Bilingualism, Executive Function, and Beyond

Questions and insights

Editors
| College of Staten Island, City University of New York / The Graduate Center of the City University of New York
| The Graduate Center of the City University of New York
| Hunter College, City University of New York, The Graduate Center of the City University of New York
HardboundAvailable
ISBN 9789027202437 | EUR 99.00 | USD 149.00
 
PaperbackAvailable
ISBN 9789027202420 | EUR 36.00 | USD 54.00
 
e-Book
ISBN 9789027262745 | EUR 99.00/36.00*
| USD 149.00/54.00*
 
The study of bilingualism has charted a dramatically new, important, and exciting course in the 21st century, benefiting from the integration in cognitive science of theoretical linguistics, psycholinguistics, and cognitive psychology (especially work on the higher-level cognitive processes often called executive function or executive control). Current research, as exemplified in this book, advances the study of the effects of bilingualism on executive function by identifying many different ways of being bilingual, exploring the multiple facets of executive function, and developing and analyzing tasks that measure executive function. The papers in this volume (21 chapters), by leading researchers in bilingualism and cognition, investigate the mechanisms underlying the effects (or lack thereof) of bilingualism on cognition in children, adults, and the elderly. They take us beyond the standard, classical, black-and-white approach to the interplay between bilingualism and cognition by presenting new methods, new findings, and new interpretations.
[Studies in Bilingualism, 57]  2019.  viii, 377 pp.
Publishing status: Available
Table of Contents
Chapter 1. Bilingualism, executive function, and beyond: Questions and insights
Irina A. Sekerina, Lauren Spradlin and Virginia Valian
1–15
Part I. Beyond simple relations
Chapter 2. The signal and the noise: Finding the pattern in human behavior
Ellen Bialystok
17–34
Chapter 3. Variation in language experience shapes the consequences of bilingualism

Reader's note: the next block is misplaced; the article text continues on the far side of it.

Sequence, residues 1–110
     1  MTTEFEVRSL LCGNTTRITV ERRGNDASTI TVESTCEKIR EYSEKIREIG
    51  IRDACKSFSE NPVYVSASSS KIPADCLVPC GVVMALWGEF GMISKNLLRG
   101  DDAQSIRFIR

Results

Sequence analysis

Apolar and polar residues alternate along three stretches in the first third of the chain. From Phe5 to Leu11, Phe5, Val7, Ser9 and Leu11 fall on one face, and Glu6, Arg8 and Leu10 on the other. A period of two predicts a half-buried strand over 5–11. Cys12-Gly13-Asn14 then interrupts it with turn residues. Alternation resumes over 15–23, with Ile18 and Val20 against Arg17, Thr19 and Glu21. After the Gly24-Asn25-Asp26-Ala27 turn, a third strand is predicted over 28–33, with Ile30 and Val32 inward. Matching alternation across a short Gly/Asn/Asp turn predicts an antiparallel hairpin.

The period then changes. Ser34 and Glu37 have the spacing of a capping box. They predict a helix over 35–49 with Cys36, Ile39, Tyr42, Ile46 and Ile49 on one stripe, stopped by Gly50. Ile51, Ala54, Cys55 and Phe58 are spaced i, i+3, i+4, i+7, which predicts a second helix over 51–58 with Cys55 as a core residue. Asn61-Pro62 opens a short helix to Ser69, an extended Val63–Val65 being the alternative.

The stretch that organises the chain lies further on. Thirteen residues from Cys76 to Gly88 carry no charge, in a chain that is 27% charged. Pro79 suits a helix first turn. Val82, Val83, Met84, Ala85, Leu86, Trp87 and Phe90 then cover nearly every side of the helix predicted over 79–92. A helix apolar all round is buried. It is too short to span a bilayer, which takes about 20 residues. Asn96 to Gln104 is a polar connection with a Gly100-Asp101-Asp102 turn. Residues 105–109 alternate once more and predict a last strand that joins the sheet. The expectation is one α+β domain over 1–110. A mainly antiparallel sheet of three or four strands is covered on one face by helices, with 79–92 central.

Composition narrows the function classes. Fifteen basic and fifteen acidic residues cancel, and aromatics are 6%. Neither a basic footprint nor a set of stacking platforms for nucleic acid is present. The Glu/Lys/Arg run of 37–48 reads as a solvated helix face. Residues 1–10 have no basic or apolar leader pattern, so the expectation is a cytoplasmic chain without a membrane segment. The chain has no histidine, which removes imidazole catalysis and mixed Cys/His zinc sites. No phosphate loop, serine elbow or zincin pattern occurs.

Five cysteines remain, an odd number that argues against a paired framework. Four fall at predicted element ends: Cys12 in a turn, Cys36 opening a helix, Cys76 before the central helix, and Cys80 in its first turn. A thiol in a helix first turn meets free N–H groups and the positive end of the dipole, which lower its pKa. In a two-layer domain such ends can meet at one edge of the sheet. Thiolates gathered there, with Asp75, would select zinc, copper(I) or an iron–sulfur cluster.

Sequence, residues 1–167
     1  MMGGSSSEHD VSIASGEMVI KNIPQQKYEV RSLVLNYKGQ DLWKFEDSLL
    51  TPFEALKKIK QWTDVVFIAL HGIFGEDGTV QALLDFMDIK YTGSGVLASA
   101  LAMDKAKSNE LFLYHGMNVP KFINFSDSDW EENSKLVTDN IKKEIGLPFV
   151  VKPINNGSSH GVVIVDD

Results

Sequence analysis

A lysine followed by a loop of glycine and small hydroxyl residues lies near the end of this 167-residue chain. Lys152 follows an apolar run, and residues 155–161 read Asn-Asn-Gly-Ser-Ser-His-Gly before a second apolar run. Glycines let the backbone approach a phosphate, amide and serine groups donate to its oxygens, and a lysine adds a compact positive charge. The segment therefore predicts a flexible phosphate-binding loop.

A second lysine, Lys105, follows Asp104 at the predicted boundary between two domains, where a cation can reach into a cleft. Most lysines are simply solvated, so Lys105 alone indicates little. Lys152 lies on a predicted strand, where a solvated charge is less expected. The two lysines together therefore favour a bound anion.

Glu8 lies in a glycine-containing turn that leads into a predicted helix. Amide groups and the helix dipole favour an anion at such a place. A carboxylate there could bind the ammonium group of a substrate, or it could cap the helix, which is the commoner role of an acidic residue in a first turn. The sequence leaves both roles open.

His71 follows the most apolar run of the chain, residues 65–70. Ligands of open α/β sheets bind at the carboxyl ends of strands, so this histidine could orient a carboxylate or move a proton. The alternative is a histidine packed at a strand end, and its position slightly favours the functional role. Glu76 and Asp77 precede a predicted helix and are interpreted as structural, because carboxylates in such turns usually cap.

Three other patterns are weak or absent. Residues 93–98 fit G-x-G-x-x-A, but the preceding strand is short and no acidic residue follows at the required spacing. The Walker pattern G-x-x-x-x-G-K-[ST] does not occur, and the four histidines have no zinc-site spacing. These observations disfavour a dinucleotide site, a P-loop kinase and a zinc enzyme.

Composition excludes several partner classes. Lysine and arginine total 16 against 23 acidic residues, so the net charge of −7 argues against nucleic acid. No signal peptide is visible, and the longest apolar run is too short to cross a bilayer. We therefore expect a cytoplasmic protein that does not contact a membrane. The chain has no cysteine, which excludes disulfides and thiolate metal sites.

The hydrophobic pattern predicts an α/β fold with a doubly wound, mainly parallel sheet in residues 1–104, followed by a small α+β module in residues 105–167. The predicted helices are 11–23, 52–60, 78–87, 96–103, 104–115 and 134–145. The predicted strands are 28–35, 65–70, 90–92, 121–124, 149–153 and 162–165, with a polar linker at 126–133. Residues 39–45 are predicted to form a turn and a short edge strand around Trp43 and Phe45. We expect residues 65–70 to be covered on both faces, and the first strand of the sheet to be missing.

Megan Zirnstein, Kinsey Bice and Judith F. Kroll
35–47
Chapter 4. Adaptive control and brain plasticity: A multidimensional account of the bilingual experience and its relation to cognition
Anne L. Beatty-Martínez and Paola E. Dussias
49–66
Chapter 5. Comparing executive functions in monolinguals and bilinguals: Considerations on participant characteristics and statistical assumptions in current research
Veronica Whitford and Gigi Luk
67–79
Chapter 6. Cooking pasta in La Paz: Bilingualism, bias, and the replication crisis
Thomas H. Bak
81–99
Part II. Language processing
Chapter 7. Interference control in bilingual auditory sentence processing in noise
Jungna Kim, Klara Marton and Loraine K. Obler
103–116
Chapter 8. Investigating grammatical processing in bilinguals: The case of morphological priming
Harald Clahsen and João Veríssimo
117–130
Chapter 9. Referring expressions and executive functions in bilingualism
Antonella Sorace
131–146
Chapter 10. Language control and executive control: Can studies on language processing distinguish the two?
Anna Wolleb, Antonella Sorace and Marit Westergaard
147–159
Chapter 11. Effects of dense code-switching on executive control
Julia Hofweber, Theodoros Marinis and Jeanine Treffers-Daller
161–180
Chapter 12. Predicting executive functions in bilinguals using ecologically valid measures of code-switching behavior
Julia Hofweber, Theodoros Marinis and Jeanine Treffers-Daller
181–205
Part III. Cognition and bilingualism
Chapter 13. Research on individual differences in executive functions: Implications for the bilingual advantage hypothesis
Naomi P. Friedman
210–209
Chapter 14. Does performance on executive function tasks correlate?: Evidence from child trilinguals, bilinguals, and second language learners
Greg Poarch and Janet G. van Hell
223–236
Chapter 15. Putting together bilingualism and executive function
Virginia Valian
237–246
Chapter 16. What cognitive processes are likely to be exercised by bilingualism and does this exercise lead to extra-linguistic cognitive benefits?
Raymond M. Klein
247–262
Part IV. Development, aging, and impairment
Chapter 17. Executive control in bilingual children: Factors that influence the outcomes
Klara Marton
265–279
Chapter 18. Interactions among speed of processing, cognitive control, age, and bilingualism
Klara Marton and Zhamilya Gazman
281–293
Chapter 19. Teasing apart factors influencing executive function performance in bilinguals and monolinguals at different ages
Virginia C. Mueller Gathercole, Enlli Thomas, Nestor Viñas Guasch, Ivan Kennedy, Cynog Prys, Nia Young, Emily J. Roberts, Emma K. Hughes and Leah Jones
295–336
Chapter 20. Proficient bilingualism may alleviate some executive function difficulties in children with Autism Spectrum Disorders
Aparna Nadig and Ana Maria Gonzalez-Barrero
337–353
Chapter 21. Does bilingualism protect against cognitive aging?: Methodological issues in research on bilingualism, cognitive reserve, and dementia incidence
Caitlin Wei-Ming Watson, Jennifer J. Manly and Laura B. Zahodne
355–369
Author index
371–374
Subject index
375–377
Subjects
BIC Subject: CFDM – Bilingualism & multilingualism
BISAC Subject: LAN009000 – LANGUAGE ARTS & DISCIPLINES / Linguistics / General
U.S. Library of Congress Control Number:  2018054489